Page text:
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A £41 billion divorce bill? The UK has already paid half a trillion pounds to the EU & shouldn’t pay a penny more

Even though the United Kingdom has left the European Union, Brussels remains determined to make an example of it and is requesting an extortionate settlement fee. Boris Johnson must stand firm and refuse to accept its demands.

The UK and the European Union are now at loggerheads over the former’s financial settlement, or the Brexit ‘divorce bill’ as it commonly known. Brussels is demanding a whopping £41 billion, yet the UK government claims that the bill should only be between £35-£39 billion. We now have a Mexican stand-off, with both sides refusing to give way. 

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On Friday, a European Commission spokesman announced that the £41 billion figure was “correct” and that “we have absolutely no indications at this point in time that the bill, or the amount that we’ve calculated, will be contested.” If the EU believed that this demand would not be contested, then it is sorely mistaken. In response, a UK government spokesman stated that “we don’t recognise that figure, it’s an estimate produced by the EU for its own internal accounting purposes … our estimate remains in the central range of between £35-39bn and we will publish full details in Parliament shortly.” 

You have to hand it to the EU, as it is both persistent and consistent. Back in 2017, Brussels suggested that it wanted a 50 billion Euro divorce fee. Although this was derided by many Conservative MPs at the time, former PM Theresa May agreed to pay this (amounting to £39 billion) in December 2017. Fast forward to October 2019, and no figure was mentioned in Boris Johnson’s Withdrawal Agreement with the EU. It was, however, generally agreed that the calculation would result in the UK paying 40 billion euros (broadly £32.8 billion), some 10 billion euros less than the 2017 figure. It is all very complicated, and billions of pounds are being tossed around as if they were pennies or cents. 

For me, however, whether it is £35, £39 or £41 billion is irrelevant, as all these figures represent a gross overpayment. In fact, they amount to more than double what the UK government allocates to the police, and £41 billion is almost equal to the annual defence budget. For my part, I do not believe that the UK should be paying any divorce fee, a point I argued on television during the 2017 General Election campaign. Allow me to explain.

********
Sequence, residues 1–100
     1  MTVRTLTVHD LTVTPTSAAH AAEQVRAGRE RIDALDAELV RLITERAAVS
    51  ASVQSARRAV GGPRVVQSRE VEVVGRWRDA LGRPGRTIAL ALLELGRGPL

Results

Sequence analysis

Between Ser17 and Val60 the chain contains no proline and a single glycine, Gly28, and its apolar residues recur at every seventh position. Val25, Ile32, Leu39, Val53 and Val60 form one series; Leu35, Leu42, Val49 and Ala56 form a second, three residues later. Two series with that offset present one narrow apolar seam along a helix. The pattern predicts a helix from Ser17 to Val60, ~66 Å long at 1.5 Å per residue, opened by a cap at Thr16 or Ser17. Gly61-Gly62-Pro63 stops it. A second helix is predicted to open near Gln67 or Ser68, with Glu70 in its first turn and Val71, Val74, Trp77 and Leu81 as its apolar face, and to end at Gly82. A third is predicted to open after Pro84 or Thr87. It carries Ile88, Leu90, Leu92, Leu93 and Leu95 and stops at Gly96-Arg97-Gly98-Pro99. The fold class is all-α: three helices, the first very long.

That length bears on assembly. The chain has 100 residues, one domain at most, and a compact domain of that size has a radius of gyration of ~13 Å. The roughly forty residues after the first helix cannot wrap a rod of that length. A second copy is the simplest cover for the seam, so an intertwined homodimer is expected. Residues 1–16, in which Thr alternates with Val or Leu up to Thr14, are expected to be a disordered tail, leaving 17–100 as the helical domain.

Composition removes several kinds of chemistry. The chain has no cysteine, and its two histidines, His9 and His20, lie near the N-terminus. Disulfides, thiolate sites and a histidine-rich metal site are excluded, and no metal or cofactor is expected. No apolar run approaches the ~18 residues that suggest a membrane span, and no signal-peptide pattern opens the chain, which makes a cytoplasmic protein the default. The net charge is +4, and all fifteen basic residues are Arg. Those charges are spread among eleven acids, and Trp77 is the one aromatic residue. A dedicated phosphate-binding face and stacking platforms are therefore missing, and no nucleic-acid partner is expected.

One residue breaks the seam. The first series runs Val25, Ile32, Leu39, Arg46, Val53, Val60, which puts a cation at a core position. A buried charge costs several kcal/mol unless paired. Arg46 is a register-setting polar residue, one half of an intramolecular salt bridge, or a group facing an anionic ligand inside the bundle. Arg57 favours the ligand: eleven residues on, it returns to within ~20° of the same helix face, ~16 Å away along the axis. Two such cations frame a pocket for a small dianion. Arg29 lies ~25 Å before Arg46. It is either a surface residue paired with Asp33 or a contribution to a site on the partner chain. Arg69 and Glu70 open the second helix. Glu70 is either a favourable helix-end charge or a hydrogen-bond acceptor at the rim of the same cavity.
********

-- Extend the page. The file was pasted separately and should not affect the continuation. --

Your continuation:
Between 1973, when the UK joined the then European Economic Community (EEC), we have contributed well in excess of £500 billion to the EU’s coffers. Indeed, in the final years of the UK’s membership, we were paying £19 billion a year into the Brussels budget. If both the British rebate, negotiated by PM Margaret Thatcher, and EU monies spent in the UK are taken into account, the net figure remained a massive £13.2 billion every year. In the years that the UK was in the EU, only Germany paid more into the budget. Now I think we can all agree that this is not small change, and the UK has more than pulled its weight over the years. I therefore fail to see any rational argument why it should hand over any more cash. 

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The EU’s financial demands are exorbitant, because they have to be. The divorce bill forms part of a wider plan concocted in the corridors of Brussels to punish the UK for having the temerity to leave the EU. It is also designed to prevent other nations from following suit, which would potentially cause the project to disintegrate. Indeed, for many smaller nations, the EU has become the equivalent of Hotel California, because as the Eagles sang, “you can check-out any time you like, but you can never leave!” The divorce bill is therefore a form of self-protection for the EU and an attempt to make an example out of the UK.   

Boris Johnson, however, cannot afford to bow fully to the EU’s demands. He is already under pressure from Brexiteers who only accepted his deal through gritted teeth. Andrew Bridgen, the Conservative MP for North-West Leicestershire, stated that “it comes as no surprise that the EU wants to screw every penny out of us and the bill is going up and up.” Bridgen also suggested that the dispute could result in the UK walking away from the Withdrawal Agreement.  Patience is clearly wearing thin. 

But it is not all bad news for the PM. Disputes with Brussels play well with the British public and increase support for his government. Moreover, when the EU makes what is perceived to be unreasonable demands, it convinces the British public that they made the right decision to leave back in 2016. Expect the PM, who is a cunning political operator, to milk the situation for all its worth.   

In an ideal world, I would love Johnson to tell the EU that we have paid enough over the years, and that we will not be ripped off when checking out of Hotel California. But we do not live in a perfect world and politics, as Otto von Bismarck said, is “the art of the possible.” The result will therefore be a cobbled together compromise; but in the meantime, expect the UK government to make the most of the situation.  

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